Comes/Veldman * Geneva Skeen



EPoX is the collaborative result of two generations of Dutch experimental musicians: Hessel Veldman has been active in the experimental music scene since 1981, especially in the DIY cassette-label scene. Not only under his own name, but also under aliases like Gorgonzola Legs, and Y Create. Recent times have seen a renewed interest in his earlier works, which among other things led to the release of Eigen Boezem.
(Electroacoustic) Composer Martijn Comes has actively released music since 2008. He graduated from the academy for Digital Communications in 2004 with a thesis on live stage performance with the aid of digital media.

When artists with a background like this start working together, the outcome of their collaboration is worth dedicated attention. The audioscapes on EPoX are intense but in a weird way also kind of relaxing. In two long pieces, they let the compositions take all the time they need to evolve, but can also choose to take an unexpected shortcut involving improvised (electronically manipulated) guitar, or slowly but inescapably build up to climaxes of noise.

The atmosphere (on … Power of Tunnels especially) can be quite haunting at times, due to the use of ghostly whispered ASMR voices and eerie layered effects. (The short video fragment included below perfectly captures this atmosphere).
Part of the haunting atmosphere may have come from the fact that shortly before moving into his new home, Comes had spent a period of time “caring for his mother with the deteriorative ailments of schizophrenia and Parkinson’s disease”.
He moved into a new home, which environment added an extra dimension: it was “the home of a former doctor who presided over a psychiatric facility nearby. The institution was widely considered more of a prison or penitentiary than a space that provided solace or healthy aid to the well-being of its residents.” 

The two compositions are presented on two CDs: The Life Long Estimated Power Of Tunnels takes up CD 1, CD 2 presents the 42:12 piece The Indestructible Value Of Panoramic Vision.
Adventurous music – but not necessarily music for the faint of heart: listening is like watching a suspenseful movie shot in black and white – but with many subtle shades of grey.

The 2CD-edition of EPoX is now sold out at the Bedouin label, but copies can still be found at Martijn Comes’ Bandcamp site. Of course, it remains available as a digital download.

Martijn and Hessel give away three download codes for readers that comment on this post (below). Winners will be randomly chosen exactly one week after the post is published.

Double Bind


Geneva Skeen is a ‘multidisciplinary’ artist working from Los Angeles. Her sources of inspiration are écriture féminine, alchemical metaphors, and a range of musical traditions ranging from holy mysticism to industrial”. Since 2016, she has released 4 full-length albums; Double Bind is her second release on the Room40 label.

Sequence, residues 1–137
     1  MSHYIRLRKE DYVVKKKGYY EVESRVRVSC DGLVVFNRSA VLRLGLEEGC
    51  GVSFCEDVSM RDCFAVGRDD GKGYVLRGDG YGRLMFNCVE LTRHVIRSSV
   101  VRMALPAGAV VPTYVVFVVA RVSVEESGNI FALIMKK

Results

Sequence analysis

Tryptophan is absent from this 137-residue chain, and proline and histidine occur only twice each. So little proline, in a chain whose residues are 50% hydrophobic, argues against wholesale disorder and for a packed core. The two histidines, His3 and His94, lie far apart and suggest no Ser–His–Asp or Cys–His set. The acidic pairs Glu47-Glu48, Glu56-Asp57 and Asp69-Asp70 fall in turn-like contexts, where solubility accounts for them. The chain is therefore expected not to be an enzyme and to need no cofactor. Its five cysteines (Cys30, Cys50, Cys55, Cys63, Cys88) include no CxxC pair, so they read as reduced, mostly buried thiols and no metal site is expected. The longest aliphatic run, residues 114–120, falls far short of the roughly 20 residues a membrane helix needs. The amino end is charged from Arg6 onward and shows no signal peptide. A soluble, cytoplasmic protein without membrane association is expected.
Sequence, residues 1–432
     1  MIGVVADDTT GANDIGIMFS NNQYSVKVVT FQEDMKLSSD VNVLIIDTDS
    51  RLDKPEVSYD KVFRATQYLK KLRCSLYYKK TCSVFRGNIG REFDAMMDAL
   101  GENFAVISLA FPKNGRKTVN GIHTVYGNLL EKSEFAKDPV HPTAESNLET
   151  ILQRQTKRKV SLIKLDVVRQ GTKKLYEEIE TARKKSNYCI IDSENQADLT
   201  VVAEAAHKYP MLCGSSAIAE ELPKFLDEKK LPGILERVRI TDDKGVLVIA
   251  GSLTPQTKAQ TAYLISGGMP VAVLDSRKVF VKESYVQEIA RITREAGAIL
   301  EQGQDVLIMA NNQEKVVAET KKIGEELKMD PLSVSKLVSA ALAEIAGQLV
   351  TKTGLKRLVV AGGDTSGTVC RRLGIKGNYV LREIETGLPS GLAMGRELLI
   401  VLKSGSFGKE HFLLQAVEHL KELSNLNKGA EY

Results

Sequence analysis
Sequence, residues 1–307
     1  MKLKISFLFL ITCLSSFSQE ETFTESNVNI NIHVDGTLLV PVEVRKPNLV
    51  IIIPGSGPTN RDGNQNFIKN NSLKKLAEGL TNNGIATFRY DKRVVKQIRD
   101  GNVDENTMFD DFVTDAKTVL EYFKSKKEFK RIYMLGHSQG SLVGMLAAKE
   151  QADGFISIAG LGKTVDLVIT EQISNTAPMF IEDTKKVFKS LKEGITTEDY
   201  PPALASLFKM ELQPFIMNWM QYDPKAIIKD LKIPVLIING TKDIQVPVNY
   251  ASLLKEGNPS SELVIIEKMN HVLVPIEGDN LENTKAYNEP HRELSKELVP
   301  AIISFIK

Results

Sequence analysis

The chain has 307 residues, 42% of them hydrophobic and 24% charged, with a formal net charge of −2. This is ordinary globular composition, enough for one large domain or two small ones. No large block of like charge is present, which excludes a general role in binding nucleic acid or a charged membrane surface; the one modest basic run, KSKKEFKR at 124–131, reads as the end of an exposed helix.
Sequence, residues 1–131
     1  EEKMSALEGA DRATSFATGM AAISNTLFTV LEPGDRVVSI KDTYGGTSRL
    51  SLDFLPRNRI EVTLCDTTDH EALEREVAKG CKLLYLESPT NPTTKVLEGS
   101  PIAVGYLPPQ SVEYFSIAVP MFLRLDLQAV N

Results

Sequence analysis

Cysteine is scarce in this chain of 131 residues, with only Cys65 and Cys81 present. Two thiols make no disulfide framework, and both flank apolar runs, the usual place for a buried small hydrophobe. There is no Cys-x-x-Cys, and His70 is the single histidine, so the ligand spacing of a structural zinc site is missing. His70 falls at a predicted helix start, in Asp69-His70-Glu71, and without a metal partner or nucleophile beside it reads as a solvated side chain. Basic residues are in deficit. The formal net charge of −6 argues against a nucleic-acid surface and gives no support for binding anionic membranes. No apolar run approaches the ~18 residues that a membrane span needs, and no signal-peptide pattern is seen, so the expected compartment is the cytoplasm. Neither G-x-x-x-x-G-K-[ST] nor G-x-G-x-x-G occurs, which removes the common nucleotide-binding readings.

The title alone reveals that this will be an album full of conflicting emotions:
Double Bind describes “a dilemma in communication in which an individual (or group) receives two or more conflicting messages, with one negating the other. In some circumstances (particularly families and relationships) this might be emotionally distressing. This creates a situation in which a successful response to one message results in a failed response to the other (and vice versa), so that the person will automatically be wrong regardless of response. The double bind occurs when the person cannot confront the inherent dilemma, and therefore can neither resolve it nor opt out of the situation.” (Thanks again, Wikipedia)

Geneva Skeen notes that this music was created over the past year, “a bleak but transformative period of time”, and thus became “an extraverbal expression of (her) interior experience”.
She leaves the interpretation to the listener, with the help of impressions noted by her friend, poet Aristilde Kirby.

Reflecting the turmoil of 2020, and with titles like “Leveled Ground, Bottomless Pit” and “The World Has No Visible Order And All I Have Is The Order Of My Breath”, this is not meant as an ‘easy’ album. But between all doubt and uncertainty, it also radiates a strong self-confidence and fearlessness … so rest assured ‘we’ will get through this in The Foreseeable Future.
After all, if there is no right answer to a dilemma, this also means you cannot make a wrong decision.

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  1. Gregory Taylor

    Interesting to hear what happened to Hessel Veldman. Put me down for the drawing.

    It must be frustrating to not be able to play something like this on your show due to its length.